How to start writing reflectively

Written by Jess Gildener  Marketing and Communication Manager of Social Enterprise Academy, Jess has a background in sustainable development, and her career has taken her from teaching English in China, to developing environmental arts projects and managing a partnership of charity shops to promote donating and buying.


 

Two years ago if you had told me I would be writing a blog about regular reflective writing (i.e. journaling), I would honestly have been sceptical. Even now I’m wary because I’m still developing my habit - it’s not something I do every day, or even every week - but it is something I have come to enjoy and really value.

Benefits of Journaling

Writing just for yourself, with the thought that you might read it back later and cringe, not just at the spelling and grammar, but at some of the things you were thinking at the time, can put people off journaling (as can taking the time to do it).

But here’s why I urge you to give it try:

  1. If you are finding it any way difficult to stop thinking about something, writing things down can calm your mind quickly. It’s out, it’s written, it’s real and it’s acknowledged.
  2. It is easy to forget small but important positive things – a situation you handled well, a relationship that got back on track because you changed your approach. These experiences are useful to remember, especially when you need to give yourself a boost.
  3. You might be amazed at what comes out. An initial stream of consciousness can turn into an epiphany. Reflections on the day can turn into ideas for handling tomorrow. Simply writing an important question to come back to can lead you in a new direction.

 

Journaling and Learning Styles

Whatever your preferred learning style (try Peter Honey's Learning Styles Questionnaire), you can adapt how you journal to maximise the benefit of reflection.

I often like to get stuck into things (an activist) but in other circumstances need to unpick things and consider them carefully (a reflector), so I tend to just write whatever’s in my head and then focus on the why and what next. If you like a practical approach (pragmatist), you could focus it on specific situations and what you would do differently. If you like ideas and theories (theorist), you could explore how different ones apply to you and your situation.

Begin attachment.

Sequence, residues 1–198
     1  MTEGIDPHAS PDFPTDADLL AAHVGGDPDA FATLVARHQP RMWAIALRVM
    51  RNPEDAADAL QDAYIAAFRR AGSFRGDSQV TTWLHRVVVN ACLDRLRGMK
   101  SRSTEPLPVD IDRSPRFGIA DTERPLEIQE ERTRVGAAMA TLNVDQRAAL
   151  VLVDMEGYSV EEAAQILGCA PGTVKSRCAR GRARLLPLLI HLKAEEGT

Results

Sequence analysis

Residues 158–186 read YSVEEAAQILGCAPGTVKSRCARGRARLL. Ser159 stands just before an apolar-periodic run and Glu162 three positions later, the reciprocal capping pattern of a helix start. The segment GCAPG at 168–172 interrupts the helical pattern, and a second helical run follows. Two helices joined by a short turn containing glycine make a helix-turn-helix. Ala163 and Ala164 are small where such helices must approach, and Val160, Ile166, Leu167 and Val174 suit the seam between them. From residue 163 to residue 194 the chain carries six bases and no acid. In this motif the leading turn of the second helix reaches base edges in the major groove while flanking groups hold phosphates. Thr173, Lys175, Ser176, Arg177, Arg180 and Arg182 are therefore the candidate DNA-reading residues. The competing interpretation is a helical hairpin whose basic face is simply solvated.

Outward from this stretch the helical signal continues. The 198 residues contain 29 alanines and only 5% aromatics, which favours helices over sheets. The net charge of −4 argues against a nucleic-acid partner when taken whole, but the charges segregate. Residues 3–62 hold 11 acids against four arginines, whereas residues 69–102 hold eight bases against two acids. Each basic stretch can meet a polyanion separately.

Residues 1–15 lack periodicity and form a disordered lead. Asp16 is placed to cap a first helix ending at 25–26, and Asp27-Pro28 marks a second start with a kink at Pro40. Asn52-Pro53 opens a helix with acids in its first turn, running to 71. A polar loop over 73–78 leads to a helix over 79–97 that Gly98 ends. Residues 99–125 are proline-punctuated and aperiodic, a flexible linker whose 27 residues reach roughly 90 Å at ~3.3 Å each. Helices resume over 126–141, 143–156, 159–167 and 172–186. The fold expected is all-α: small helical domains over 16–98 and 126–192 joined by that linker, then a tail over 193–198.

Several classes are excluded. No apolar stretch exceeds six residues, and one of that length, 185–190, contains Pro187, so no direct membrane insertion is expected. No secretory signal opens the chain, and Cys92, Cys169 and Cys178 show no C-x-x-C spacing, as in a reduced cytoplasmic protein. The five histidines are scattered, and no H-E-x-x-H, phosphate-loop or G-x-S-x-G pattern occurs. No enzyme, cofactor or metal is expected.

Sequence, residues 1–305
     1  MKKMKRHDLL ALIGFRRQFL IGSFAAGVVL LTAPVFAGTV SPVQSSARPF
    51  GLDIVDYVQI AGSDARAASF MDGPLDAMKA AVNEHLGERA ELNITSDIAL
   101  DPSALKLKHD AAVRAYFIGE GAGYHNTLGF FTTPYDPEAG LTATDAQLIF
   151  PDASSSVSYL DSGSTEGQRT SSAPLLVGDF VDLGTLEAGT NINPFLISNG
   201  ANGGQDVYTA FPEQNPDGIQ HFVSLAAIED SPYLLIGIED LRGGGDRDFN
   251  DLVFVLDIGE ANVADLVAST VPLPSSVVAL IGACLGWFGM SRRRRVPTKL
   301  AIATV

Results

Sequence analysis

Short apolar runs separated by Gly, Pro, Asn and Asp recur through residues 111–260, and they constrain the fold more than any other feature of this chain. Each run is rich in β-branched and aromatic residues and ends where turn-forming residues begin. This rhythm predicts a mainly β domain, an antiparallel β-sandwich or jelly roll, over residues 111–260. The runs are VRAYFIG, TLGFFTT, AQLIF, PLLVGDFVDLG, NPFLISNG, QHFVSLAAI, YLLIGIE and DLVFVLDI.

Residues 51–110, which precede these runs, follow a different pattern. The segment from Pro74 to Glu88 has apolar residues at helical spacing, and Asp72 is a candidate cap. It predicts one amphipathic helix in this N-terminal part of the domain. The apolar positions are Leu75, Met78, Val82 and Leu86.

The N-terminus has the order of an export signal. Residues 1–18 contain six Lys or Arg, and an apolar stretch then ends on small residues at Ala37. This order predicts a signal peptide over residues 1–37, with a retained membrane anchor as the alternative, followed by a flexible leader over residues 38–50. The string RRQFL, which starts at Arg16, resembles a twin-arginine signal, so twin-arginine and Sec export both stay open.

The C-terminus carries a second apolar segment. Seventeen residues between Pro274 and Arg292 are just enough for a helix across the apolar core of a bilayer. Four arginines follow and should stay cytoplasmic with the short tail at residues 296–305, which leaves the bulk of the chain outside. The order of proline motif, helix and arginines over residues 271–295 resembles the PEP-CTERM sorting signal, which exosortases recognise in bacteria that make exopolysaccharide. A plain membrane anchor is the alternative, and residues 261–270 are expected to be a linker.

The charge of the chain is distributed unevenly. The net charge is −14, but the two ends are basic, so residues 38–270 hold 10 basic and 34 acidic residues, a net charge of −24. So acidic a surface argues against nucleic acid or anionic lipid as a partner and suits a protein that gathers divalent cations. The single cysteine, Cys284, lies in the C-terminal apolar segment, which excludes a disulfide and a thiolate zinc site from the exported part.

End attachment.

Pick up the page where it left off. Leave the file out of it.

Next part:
So how to start?

One of the most important things is it honestly does not matter about style, spelling, quantity, quality or that it might feel like nonsense to start with. It’s the practice not the performance!

Idea 1: Stream of Consciousness

Just start writing the first thing that comes into your head - whatever it is going round and round in there. Don’t stop until you’re ready to. Notice how you feel or what you’re thinking. Now write about that. Ask yourself what you think is happening. Is there something to act on?

Idea 2: Ask Questions

Experiment with what will work for you but you could try questions like... What went well today? What would I like tomorrow to be like? What do I need to do to end my week better? Who was important in my day? What made me uncomfortable? When did I feel I was really enjoying my work? What do I want to learn more about?

Idea 3: Pick a Theory

Exploring how a theory (leadership or otherwise) applies to you and how you might use it in real life can be a great springboard for action but also provides an important framework for understanding behaviours and preferences.

Idea 4: Use Inspirational or Interesting Quotes

Search some out and make a note of them, especially if you don’t know why you’re drawn to them. When you’re stuck on something, pick one from your list and start writing about how you can use it over the next few days.

 

Forming the Habit

This is what I’ve found tricky, but here’s what worked for me, backed up by various blogs on habits:

  1. Start simple and small
  2. Create a prompt - add a reminder to your phone or calendar
  3. Make it a pleasurable moment in your day by choosing the environment and timing that really works for you

Finally, if it ever feels like a chore or a source of frustration, you can even start with ‘This is a chore because...’.

There’s always a way in!

 

Useful Links

 

Written by Jess Gildener, Marketing & Communications Manager at the Social Enterprise Academy

 
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